The Jewish Eye
Intro – The Who, Why, When, and Where
Iyov is a sefer that connotes suffering and the struggle for faith in Hashem. It is a sefer subject to many interpretations and meanings. The Gemara in Bava Basra (14b) says that Moshe Rabbeinu wrote Sefer Iyov. The Malbim explains that Moshe wrote Sefer Iyov to comfort Bnei Yisrael from the burden of their immense suffering in the crucible of Mitzrayim. Moshe Rabbeinu had struggled with the paradox of the suffering of the righteous and the prosperity of the wicked from the time he ventured out from the luxury of Pharaoh's palace. It was then that he first became aware of his brothers' suffering and joined in their pain. Moshe Rabbeinu, with his compassionate heart, became consumed with the question of why the righteous suffer. When he had the opportunity to request what he most wanted from Hashem, understanding this mystery was his second request. (His first request was that the Hashem should rest His Shechinah exclusively on Bnei Yisrael until the end of time. This request was granted.) Chazal tell us that Moshe's request to understand the meaning of suffering was not granted.
However, there are many opinions of when Iyov lived, only one of which is consistent with the time of Moshe, which is that he lived at the time of the meraglim. Others believe that Iyov was one of the Jews who returned to Eretz Yisrael from Bavel, and he lived in Tiverya.
There are other opinions that he lived at the time of the Shoftim, the time of Achashverosh, the time of the reign of Sheba, the time of the Chaldeans, and the time of Yaakov Avinu. Those who believed he lived at the time of Yaakov Avinu, such as the Targum, say that he married, Dinah, Yaakov's daughter.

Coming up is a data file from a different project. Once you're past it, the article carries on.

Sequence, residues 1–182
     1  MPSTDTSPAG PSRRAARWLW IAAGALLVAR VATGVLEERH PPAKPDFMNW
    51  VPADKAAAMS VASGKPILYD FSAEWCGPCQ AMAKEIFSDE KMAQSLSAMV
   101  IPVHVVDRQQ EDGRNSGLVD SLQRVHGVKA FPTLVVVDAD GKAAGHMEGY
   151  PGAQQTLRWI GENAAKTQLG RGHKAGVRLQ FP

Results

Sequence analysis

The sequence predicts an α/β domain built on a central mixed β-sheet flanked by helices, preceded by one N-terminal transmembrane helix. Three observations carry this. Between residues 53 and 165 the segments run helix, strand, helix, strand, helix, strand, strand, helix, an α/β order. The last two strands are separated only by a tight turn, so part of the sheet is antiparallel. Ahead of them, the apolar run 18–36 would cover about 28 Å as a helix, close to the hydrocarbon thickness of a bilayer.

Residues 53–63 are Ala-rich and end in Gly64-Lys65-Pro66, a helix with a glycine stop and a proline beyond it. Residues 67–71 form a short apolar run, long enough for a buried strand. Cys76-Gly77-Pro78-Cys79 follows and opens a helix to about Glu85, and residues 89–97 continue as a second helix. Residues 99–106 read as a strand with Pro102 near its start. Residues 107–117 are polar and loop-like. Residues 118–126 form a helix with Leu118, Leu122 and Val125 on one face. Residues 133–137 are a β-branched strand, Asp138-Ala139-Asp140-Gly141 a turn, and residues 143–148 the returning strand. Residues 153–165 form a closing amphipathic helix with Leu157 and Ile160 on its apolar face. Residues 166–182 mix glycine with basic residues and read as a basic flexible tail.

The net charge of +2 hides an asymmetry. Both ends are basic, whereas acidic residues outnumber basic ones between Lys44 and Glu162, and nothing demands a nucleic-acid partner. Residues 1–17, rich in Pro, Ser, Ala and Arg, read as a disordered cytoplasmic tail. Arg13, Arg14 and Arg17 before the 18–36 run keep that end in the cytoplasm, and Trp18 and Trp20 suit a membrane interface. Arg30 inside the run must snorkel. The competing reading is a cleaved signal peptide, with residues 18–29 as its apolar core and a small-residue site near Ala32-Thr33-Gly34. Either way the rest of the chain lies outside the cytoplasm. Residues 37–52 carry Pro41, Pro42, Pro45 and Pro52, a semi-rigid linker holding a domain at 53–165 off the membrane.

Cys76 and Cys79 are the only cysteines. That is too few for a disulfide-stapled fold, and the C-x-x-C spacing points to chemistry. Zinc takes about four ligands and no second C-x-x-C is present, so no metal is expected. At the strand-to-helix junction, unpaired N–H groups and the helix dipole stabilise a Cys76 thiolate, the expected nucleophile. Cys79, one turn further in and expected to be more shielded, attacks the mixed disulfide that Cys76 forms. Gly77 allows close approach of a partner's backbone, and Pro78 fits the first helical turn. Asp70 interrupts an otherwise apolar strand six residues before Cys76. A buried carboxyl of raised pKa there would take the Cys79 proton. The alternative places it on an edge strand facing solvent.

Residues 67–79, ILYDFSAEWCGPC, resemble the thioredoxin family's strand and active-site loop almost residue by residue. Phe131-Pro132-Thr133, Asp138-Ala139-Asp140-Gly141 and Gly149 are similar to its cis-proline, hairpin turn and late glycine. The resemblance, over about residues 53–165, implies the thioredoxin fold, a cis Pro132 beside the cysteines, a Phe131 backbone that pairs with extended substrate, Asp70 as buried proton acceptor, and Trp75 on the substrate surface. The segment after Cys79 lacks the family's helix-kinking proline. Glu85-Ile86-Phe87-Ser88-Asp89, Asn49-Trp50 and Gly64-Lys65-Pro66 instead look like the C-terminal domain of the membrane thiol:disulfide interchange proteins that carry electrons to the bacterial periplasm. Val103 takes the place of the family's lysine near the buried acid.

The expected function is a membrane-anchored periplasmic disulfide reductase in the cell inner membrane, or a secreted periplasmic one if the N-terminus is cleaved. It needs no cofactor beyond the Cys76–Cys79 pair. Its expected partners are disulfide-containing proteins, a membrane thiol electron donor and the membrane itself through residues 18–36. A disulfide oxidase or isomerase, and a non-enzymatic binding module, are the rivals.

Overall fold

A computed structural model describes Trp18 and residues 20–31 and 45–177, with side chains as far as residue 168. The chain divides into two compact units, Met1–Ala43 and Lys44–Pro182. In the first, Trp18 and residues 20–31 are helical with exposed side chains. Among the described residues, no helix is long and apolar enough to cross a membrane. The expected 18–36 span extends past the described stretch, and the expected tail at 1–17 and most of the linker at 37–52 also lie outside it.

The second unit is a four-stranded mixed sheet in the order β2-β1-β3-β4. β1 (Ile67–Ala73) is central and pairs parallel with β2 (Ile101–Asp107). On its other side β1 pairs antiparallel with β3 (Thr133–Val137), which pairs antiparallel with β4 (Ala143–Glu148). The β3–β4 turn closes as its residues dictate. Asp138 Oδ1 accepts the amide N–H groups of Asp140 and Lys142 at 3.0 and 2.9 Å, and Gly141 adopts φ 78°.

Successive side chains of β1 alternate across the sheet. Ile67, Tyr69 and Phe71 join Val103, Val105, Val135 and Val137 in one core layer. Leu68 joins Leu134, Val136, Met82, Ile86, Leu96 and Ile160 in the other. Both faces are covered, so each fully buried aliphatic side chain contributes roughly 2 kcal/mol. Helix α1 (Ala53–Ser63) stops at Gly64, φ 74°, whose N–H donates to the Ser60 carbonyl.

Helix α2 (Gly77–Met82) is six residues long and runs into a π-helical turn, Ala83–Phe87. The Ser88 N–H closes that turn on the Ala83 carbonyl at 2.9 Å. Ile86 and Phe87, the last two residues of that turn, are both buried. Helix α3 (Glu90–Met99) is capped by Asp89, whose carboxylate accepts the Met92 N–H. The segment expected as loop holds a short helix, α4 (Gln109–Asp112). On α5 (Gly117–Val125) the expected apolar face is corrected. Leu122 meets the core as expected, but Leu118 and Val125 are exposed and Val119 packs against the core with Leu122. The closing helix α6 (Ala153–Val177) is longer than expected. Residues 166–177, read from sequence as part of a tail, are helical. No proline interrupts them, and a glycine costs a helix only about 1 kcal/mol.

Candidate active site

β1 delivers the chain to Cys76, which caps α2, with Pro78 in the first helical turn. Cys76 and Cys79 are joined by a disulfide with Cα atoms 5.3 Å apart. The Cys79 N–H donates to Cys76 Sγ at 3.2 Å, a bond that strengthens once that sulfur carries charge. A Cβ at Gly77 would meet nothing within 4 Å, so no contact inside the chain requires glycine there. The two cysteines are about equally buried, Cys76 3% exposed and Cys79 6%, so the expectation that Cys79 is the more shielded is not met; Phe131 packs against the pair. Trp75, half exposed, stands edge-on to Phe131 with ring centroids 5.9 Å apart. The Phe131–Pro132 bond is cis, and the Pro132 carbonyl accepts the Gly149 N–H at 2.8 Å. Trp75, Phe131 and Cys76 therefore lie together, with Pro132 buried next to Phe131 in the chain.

All of the opinions agree that Iyov was Jewish, except for the one who asserts that he lived in the time of Yaakov. Iyov could not have received nevuah if he had been a non-Jew, since, as mentioned above, Moshe had davened that the Shechinah rest only on Bnei Yisrael - a request that had been answered. However, in the time of Yaakov, non-Jews were still able to receive nevuah. The opinion that Iyov was non-Jewish stated that Iyov descended to the world in order to receive reward. However, when Hashem caused him to suffer, Iyov began to blaspheme. Hashem then granted him double reward in this world to keep him from the next world.
There is one opinion in the Gemara that Iyov never existed at all; he was a parable. However, this opinion is unanimously rejected because of the detailed account of his name and location. The Pachad Yitzhak quotes Rav Hai Gaon that this opinion means that Iyov's sole purpose in life was as a parable. People will learn from him to trust in Hashem during difficult times and maintain a belief that Hashem could change their fortunes for the better in the future. The Vilna Gaon expounds that the purpose of Iyov's existence was for mankind to learn a lesson in the proper way of accepting suffering. Additionally, we learn that man cannot judge Hashem, whose ways are complete justice. Hashem's ways may seem harsh at times, but a human being who is light years away from the loftiness of Hashem, cannot even begin to understand Hashem's ways.
Unfortunately, the enigma of what seems to be the absence of justice in this world has been responsible for many turning away from a belief in Kal Rachum Vechanan. Iyov, of whom Hashem Himself attested to his great tziddkus and faith, was unable to come to terms with his suffering on one hand, and his belief in the compassion of Hashem, on the other hand. Instead of choosing to believe that he was unable to fathom Hashem's ways, he chose to believe that Hashem was not involved in his day to day affairs. In his eyes, Hashem was too lofty to micro-manage the small details of a humble human being's life. Ultimately, he reached the conclusion that mankind is subject to the whims of nature and astronomy, and his life had been fated to be one of suffering. Fortunately, his friend Elihu convinced him of the truth -that Hashem controls every detail of mankind's fate, that Hashem is merciful, and that we as humans are not capable of understanding the cheshbonos of Hashem.
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